Childhood onset motor neuron diseases or neuronopathies are a clinically heterogeneous group of disorders. A particularly severe subgroup first described in 1894, and subsequently called Brown-Vialetto-Van Laere syndrome, is characterized by progressive pontobulbar palsy, sensorineural hearing loss and respiratory insufficiency. There has been no treatment for this progressive neurodegenerative disorder, which leads to respiratory failure and usually death during childhood. We recently reported the identification of SLC52A2, encoding riboflavin transporter RFVT2, as a new causative gene for Brown-Vialetto-Van Laere syndrome. We used both exome and Sanger sequencing to identify SLC52A2mutations in patients presenting with cranial neuropathies and sensorimotor neuropathy with or without respiratory insufficiency. We undertook clinical, neurophysiological and biochemical characterization of patients with mutations in SLC52A2, functionally analysed the most prevalent mutations and initiated a regimen of high-dose oral riboflavin. We identified 18 patients from 13 families with compound heterozygous or homozygous mutations in SLC52A2. Affected individuals share a core phenotype of rapidly progressive axonal sensorimotor neuropathy (manifesting with sensory ataxia, severe weakness of the upper limbs and axial muscles with distinctly preserved strength of the lower limbs), hearing loss, optic atrophy and respiratory insufficiency. We demonstrate that SLC52A2 mutations cause reduced riboflavin uptake and reduced riboflavin transporter protein expression, and we report the response to high-dose oral riboflavin therapy in patients with SLC52A2 mutations, including significant and sustained clinical and biochemical improvements in two patients and preliminary clinical response data in 13 patients with associated biochemical improvements in 10 patients. The clinical and biochemical responses of this SLC52A2-specific cohort suggest that riboflavin supplementation can ameliorate the progression of this neurodegenerative condition, particularly when initiated soon after the onset of symptoms.

Brain 2013 November 

Bringing rigour to translational medicine

Translational neuroscience is in the doldrums. The stroke research community was among the first to recognize that the motivations inherent in our system of research can cause investigators to take shortcuts, and can introduce bias and reduce generalizability, all of which leads ultimately to the recurrent failure of apparently useful drug candidates in clinical trials. Here, we review the evidence for these problems in stroke research, where they have been most studied, and in other translational research domains, which seem to be bedevilled by the same issues. We argue that better scientific training and simple changes to the way that we fund, assess and publish research findings could reduce wasted investment, speed drug development, and create a healthier research environment. For 'phase III' preclinical studies—that is, those studies that build the final justification for conducting a clinical trial—we argue for a need to apply the same attention to detail, experimental rigour and statistical power in our animal experiments as in the clinical trials themselves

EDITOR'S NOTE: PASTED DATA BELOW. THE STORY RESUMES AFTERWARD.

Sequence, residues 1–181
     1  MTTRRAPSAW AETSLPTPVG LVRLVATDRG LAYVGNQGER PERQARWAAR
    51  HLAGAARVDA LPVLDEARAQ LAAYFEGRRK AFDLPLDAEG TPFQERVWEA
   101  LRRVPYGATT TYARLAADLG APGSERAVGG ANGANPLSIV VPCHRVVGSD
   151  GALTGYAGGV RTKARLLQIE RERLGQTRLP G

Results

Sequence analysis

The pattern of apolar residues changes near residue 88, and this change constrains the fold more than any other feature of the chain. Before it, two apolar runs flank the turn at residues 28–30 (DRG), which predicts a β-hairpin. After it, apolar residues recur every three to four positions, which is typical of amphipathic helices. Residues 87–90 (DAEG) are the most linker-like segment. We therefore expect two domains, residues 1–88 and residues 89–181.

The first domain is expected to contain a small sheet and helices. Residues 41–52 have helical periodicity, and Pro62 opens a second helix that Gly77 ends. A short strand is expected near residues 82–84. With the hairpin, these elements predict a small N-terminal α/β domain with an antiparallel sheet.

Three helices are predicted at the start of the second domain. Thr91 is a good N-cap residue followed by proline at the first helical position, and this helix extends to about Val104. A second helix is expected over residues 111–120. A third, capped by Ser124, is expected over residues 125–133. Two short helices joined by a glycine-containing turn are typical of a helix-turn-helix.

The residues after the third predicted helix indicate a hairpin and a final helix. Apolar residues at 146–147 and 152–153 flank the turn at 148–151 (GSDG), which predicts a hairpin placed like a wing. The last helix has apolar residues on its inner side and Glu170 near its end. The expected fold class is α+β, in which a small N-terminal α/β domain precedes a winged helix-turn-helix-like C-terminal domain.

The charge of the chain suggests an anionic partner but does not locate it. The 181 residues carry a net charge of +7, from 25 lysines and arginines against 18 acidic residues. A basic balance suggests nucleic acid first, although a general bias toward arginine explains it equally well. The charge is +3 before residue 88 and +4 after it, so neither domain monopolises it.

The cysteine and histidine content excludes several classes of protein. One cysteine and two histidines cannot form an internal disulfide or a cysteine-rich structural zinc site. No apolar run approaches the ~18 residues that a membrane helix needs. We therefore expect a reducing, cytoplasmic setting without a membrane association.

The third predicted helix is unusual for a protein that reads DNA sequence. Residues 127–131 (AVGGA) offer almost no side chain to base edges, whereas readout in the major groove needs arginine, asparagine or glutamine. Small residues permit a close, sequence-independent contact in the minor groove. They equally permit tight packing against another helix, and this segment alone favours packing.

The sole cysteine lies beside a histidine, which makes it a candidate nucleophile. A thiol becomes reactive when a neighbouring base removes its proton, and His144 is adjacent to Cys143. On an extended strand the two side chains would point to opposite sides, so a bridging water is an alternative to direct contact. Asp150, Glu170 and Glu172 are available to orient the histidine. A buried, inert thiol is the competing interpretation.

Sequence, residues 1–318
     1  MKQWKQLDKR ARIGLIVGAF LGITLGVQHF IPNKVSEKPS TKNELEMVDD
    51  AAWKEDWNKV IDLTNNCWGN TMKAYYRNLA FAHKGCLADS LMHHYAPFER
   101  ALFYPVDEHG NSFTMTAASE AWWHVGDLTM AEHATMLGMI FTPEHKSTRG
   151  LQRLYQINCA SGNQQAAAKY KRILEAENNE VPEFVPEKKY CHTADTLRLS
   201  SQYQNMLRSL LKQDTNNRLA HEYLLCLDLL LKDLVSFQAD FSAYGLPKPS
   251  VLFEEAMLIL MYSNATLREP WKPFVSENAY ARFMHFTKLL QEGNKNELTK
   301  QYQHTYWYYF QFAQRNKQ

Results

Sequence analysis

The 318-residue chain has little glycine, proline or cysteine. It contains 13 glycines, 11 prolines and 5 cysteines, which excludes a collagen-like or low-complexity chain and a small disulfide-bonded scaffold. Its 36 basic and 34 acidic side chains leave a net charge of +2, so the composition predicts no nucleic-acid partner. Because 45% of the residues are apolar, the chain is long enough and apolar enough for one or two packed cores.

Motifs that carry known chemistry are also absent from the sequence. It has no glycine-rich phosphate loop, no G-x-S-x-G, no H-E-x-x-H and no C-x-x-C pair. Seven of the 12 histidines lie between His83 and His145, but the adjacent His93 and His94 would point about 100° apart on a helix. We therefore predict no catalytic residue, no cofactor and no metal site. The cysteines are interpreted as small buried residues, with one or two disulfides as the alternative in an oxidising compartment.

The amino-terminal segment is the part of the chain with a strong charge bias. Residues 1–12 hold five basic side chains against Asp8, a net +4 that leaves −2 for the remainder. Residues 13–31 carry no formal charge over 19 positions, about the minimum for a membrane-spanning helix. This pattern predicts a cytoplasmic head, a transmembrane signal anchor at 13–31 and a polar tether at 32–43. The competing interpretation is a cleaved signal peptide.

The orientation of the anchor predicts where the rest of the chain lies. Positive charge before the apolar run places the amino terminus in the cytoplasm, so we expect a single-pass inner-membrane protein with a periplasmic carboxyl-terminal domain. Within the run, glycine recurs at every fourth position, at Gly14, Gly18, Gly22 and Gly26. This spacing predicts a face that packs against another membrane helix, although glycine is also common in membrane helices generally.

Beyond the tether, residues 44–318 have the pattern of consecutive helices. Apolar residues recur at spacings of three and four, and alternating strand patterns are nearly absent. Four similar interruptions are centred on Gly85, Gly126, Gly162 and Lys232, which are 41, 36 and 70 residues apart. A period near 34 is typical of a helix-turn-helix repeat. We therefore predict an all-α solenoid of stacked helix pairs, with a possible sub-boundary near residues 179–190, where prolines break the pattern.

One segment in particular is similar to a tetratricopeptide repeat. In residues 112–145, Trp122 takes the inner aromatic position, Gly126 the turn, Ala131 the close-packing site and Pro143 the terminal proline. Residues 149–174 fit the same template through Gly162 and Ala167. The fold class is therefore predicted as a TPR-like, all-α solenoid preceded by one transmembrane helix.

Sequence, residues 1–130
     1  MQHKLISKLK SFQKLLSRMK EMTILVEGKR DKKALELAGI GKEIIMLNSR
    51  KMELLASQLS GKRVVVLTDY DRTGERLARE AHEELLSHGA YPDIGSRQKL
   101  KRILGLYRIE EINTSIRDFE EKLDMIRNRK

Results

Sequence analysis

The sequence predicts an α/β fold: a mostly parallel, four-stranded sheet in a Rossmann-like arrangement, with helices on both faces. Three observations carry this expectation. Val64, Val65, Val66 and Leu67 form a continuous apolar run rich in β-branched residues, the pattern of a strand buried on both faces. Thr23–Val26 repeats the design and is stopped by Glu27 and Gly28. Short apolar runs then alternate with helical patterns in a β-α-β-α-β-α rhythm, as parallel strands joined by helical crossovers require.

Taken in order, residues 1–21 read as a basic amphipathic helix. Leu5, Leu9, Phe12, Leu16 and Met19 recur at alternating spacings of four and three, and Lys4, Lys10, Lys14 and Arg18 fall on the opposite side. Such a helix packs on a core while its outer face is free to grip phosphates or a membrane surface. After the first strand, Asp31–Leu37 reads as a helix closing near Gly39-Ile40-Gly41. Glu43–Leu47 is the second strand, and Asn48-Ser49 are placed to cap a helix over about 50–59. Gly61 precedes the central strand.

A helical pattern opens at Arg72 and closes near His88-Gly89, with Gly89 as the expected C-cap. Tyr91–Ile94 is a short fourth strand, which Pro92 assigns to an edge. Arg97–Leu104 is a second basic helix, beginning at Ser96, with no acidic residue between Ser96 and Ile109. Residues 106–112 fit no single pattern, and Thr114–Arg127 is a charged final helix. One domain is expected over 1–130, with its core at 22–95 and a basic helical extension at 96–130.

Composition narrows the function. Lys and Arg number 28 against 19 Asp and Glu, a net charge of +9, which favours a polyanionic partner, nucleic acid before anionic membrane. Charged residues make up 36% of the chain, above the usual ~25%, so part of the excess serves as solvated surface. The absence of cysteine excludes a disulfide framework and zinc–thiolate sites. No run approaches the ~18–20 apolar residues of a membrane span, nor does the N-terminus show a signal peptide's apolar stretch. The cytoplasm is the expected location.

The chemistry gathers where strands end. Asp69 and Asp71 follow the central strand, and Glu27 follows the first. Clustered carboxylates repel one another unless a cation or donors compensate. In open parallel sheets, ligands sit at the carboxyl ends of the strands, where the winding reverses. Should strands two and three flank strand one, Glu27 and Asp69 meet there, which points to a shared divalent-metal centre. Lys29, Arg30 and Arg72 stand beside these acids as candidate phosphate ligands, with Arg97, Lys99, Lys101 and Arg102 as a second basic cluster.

Nature Reviews Neurology November 2013

Amyotrophic lateral sclerosis-a model of corticofugal axonal spread.

The pathological process underlying amyotrophic lateral sclerosis (ALS) is associated with the formation of cytoplasmic inclusions consisting mainly of phosphorylated 43-kDa transactive response DNA-binding protein (pTDP-43), which plays an essential part in the pathogenesis of ALS. Preliminary evidence indicates that neuronal involvement progresses at different rates, but in a similar sequence, in different patients with ALS. This observation supports the emerging concept of prion-like propagation of abnormal proteins in noninfectious neurodegenerative diseases. Although the distance between involved regions is often considerable, the affected neurons are connected by axonal projections, indicating that physical contacts between nerve cells along axons are important for dissemination of ALS pathology. This article posits that the trajectory of the spreading pattern is consistent with the induction and dissemination of pTDP-43 pathology chiefly from cortical neuronal projections, via axonal transport, through synaptic contacts to the spinal cord and other regions of the brain.

Nature Reviews Neurology November 2013

Quality improvement in neurology: Amyotrophic lateral sclerosis quality measures Report of the Quality Measurement and Reporting Subcommittee of the American Academy of Neurology